How to live a worthwhile life.

                     LINDA

 Making any progress?

                     GOPHER

Unclear. Right now I’m a highly

trained individual, utterly useless

to society…

                     LINDA

…. hence working at a coffeeshop…

                     GOPHER

… right. But, figuring out what is a worthwhile

life is itself- for now- a worthwhile pursuit.

                      LINDA

Have you ever been depressed?

She takes an especially long gulp of coffee.

                     GOPHER

Yes.

                     LINDA

Depressed how? What did you do?

                     GOPHER

Not much!

She writes this down.

                     GOPHER (CONT’D)

Uh. I didn’t leave the room. Slept

a lot. Like 13 hours a day. Every

day seemed to get away.

                     LINDA

You were withdrawn.

                     GOPHER

Yes.

                     LINDA

I’ll write you a prescription for

Xanax.

                     GOPHER

I don’t need a prescription for

Xanax.

                     LINDA

Xanax will help your anxiety. It’ll

keep you from getting down.

                     GOPHER

Oh, I just drink St. John’s wort

tea.

                     LINDA

If St. John’s wort is ingested with

certain foods it can lead to high

blood pressure. How much do you

know about it?

                     GOPHER

I talk to my herbalist. He also

taught me the do-nothing technique.

He sets his hand out in front of himself and freezes. His

hand is still, then trembles. He grips his knees.

                     GOPHER (CONT’D)

That’s basically it. You do it for

as long as you can.

                     LINDA

Any allergies?

                     GOPHER

No. I’ve been tested.

                     LINDA

Most allergy tests are scams. They

prick you and charge a thousand

dollars. By and large they’re not

accepted by Western medicine.

                     GOPHER

Really!

                     LINDA

I recommend a food-elimination

diet. Pick out a few

things–lactose, gluten, what have

you–remove them one at a time, and

watch how your body reacts. You can

do that for free.

                     GOPHER

Wow. Ok.

She gets out a prescription pad and scrawls.

                     LINDA

Meanwhile, here’s a prescription

for beta blockers and Xanax.

                     GOPHER

I don’t want a–

On Linda’s LOOK.

                     GOPHER (CONT’D)

I’ll hang onto it.

                     LINDA

Take the beta blockers 15 to 20

minutes before work or as needed.

She TEARS off the prescription and hands it to him. The NOISE from downstairs returns even louder than before.

                     GOPHER

Alright doc. Thanks a lot!

                     LINDA

It’s been a pleasure!

                     GOPHER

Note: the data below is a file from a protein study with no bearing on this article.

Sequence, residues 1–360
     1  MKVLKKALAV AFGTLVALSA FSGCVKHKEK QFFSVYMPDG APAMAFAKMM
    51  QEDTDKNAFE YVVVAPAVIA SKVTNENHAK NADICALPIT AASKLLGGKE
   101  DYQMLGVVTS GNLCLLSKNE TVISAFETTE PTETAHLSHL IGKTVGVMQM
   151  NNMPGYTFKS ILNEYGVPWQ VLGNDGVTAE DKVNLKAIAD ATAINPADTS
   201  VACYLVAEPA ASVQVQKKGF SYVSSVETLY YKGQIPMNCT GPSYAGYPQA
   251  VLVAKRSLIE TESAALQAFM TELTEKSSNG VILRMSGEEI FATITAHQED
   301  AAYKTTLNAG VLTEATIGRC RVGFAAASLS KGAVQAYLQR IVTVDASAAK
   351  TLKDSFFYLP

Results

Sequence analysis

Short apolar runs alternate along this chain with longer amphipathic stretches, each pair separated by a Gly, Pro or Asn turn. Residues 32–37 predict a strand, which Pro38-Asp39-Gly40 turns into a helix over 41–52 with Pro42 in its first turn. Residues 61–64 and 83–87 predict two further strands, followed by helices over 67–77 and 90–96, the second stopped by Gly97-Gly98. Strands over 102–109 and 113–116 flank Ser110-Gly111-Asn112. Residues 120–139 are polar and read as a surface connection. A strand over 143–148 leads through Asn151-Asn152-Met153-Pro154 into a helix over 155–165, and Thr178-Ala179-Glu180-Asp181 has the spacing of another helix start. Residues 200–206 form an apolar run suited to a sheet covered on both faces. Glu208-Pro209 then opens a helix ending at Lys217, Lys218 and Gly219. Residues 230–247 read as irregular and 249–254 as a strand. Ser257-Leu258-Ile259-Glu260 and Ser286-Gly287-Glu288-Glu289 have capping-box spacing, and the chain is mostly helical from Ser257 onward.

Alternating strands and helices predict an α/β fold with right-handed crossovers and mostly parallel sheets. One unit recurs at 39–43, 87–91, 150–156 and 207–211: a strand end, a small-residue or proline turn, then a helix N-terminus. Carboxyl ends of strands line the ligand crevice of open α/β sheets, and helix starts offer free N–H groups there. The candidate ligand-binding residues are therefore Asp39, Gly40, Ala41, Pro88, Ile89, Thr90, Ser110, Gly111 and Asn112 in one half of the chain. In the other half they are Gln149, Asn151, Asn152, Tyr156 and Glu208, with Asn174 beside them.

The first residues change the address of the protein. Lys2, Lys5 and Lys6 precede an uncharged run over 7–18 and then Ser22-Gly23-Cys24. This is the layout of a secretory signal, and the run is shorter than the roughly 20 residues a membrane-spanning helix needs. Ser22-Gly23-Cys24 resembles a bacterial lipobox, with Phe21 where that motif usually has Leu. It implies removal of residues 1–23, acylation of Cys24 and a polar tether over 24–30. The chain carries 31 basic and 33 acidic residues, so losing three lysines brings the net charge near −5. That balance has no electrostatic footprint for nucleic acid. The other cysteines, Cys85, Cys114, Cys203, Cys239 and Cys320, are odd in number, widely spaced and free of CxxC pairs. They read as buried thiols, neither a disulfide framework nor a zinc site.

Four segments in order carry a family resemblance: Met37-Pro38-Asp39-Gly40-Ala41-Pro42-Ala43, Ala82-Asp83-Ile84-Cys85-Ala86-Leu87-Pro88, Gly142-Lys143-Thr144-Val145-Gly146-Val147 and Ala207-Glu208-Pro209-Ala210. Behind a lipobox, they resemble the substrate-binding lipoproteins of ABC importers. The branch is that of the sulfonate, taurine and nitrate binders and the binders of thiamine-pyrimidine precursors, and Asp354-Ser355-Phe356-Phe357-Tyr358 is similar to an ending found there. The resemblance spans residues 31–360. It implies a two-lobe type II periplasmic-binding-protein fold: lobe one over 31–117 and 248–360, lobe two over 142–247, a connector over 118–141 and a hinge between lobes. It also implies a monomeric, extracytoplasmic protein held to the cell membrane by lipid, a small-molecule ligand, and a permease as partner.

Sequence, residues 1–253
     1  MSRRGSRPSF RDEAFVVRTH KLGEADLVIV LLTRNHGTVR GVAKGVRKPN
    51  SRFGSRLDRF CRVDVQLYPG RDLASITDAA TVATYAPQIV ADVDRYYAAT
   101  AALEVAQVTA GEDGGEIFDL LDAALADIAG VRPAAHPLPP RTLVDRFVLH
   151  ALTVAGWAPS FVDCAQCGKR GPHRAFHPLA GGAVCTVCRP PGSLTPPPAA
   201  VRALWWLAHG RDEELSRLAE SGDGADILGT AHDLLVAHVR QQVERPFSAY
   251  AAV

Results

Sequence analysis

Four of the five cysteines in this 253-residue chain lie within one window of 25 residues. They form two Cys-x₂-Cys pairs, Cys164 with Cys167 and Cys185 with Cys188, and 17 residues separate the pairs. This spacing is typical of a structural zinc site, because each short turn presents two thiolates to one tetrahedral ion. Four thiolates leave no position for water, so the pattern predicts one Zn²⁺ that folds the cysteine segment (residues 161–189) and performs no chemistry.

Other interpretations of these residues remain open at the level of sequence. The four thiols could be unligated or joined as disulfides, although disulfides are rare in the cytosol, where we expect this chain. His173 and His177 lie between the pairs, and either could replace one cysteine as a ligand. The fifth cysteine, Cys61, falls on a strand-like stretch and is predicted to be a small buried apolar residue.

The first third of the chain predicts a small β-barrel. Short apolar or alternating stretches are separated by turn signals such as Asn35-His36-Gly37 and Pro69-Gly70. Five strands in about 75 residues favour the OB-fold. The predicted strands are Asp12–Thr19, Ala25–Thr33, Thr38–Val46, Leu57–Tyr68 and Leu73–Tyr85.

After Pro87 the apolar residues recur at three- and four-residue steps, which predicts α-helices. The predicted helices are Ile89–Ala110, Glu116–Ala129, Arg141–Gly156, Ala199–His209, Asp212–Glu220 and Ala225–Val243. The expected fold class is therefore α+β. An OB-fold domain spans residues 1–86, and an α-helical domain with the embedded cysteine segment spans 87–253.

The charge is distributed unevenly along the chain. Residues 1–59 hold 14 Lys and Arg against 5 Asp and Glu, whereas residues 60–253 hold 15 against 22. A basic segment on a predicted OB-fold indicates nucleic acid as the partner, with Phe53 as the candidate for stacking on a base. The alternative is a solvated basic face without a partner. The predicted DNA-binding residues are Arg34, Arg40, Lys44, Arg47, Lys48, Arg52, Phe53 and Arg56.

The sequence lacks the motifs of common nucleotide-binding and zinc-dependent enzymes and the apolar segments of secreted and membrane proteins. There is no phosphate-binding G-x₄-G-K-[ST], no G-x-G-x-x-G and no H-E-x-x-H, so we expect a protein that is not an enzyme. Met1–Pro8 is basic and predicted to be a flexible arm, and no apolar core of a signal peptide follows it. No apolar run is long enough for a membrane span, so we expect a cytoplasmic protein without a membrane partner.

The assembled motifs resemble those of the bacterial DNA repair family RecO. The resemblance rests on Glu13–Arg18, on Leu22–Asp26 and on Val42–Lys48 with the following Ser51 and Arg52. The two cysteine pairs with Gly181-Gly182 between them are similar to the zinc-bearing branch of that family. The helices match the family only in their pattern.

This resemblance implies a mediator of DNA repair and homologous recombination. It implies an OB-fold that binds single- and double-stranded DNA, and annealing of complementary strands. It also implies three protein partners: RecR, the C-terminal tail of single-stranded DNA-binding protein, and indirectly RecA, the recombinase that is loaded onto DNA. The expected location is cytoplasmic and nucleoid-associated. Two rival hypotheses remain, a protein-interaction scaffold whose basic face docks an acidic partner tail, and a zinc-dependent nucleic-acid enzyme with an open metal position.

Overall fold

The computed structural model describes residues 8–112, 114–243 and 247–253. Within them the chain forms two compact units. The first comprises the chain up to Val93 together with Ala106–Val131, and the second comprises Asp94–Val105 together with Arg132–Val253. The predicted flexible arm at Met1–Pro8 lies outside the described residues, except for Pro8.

What?

                     LINDA

Pleasure!

                     GOPHER

Likewise!

They shake hands.

SMASH CUT TO INT. ELEVATOR – 1 MINUTE LATER

Gopher on the elevator going down, rocking on his heels, scrip in hand. Elevator stops on the floor below. A CONSTRUCTION WORKER (32) with a hugely oversized drill and a TUBA PLAYER (18) in a formal black dress enter. Gopher shakes his head. Squints his eyes shut. Opens them. They’re both still there. The construction worker GRUNTS impatiently, and hits the “L” button several times. The tuba player looks back at Gopher like, “what’s this guy’s deal?” Gopher smiles. Elevator doors close.

BLACK

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Seething Serenity

A co-worker said to me he thinks he knows why I have hand tremors. “You’re a super hero. But you hold back your powers.”  I’ve had a number of theories for why my hands tremble: it’s genetic, a blood-sugar-thing, lack of discipline, poor motor skills, excessive fear, a traumatic memory, hyperactive glands, hyperactivity… none of these is entirely true on its own. But I have to think about this new one: my Powers are restricted. As in tied down, like Prometheus. Brilliant abundant power pushed down below and held there never to see the light of day. The volcano shudders without erupting. Maybe. Probably just a nervous disposition.

My trembling used to be a source of shame that led me to dominate my hands, binding them ever tighter. Make them still like patient crane fishing in pond (haiku?). But it didn’t work. I only identify with cranes in flight. My co-worker might be on to something. The energy that is my hands need to be ex-pressed (pushed out) not repressed or suppressed (pushed down and under). That’s why I’m at once excited and terrified about the barista training I’m about to begin. It calls for couth hands. As nimble as a violinist, steady as a marksman. My hands are about as nimble and steady as a water balloon being filled with a fire house.

I have to toot my own horn and expound the benefits of hypersensitivity. When a meteor strikes a planet in a distant solar system, sending shockwaves in concentric circles for billions of light-years, it’s We the Sensitive who wake up in the middle of the night with a vague sense of something timeless. On the other hand/s, we’re flighty. Easily de-stabilized. My tendency has been to (try to) make myself as stable as possible. To cultivate a placid disposition. And people who meet me (sometimes) think I’m unflappable. Peaceful. Ha! Just because the surface of the ocean is smooth as a mirror doesn’t mean a giant squid isn’t below strangling a whale. But who am I kidding. Some of you know I can’t hide my emotions worth shit.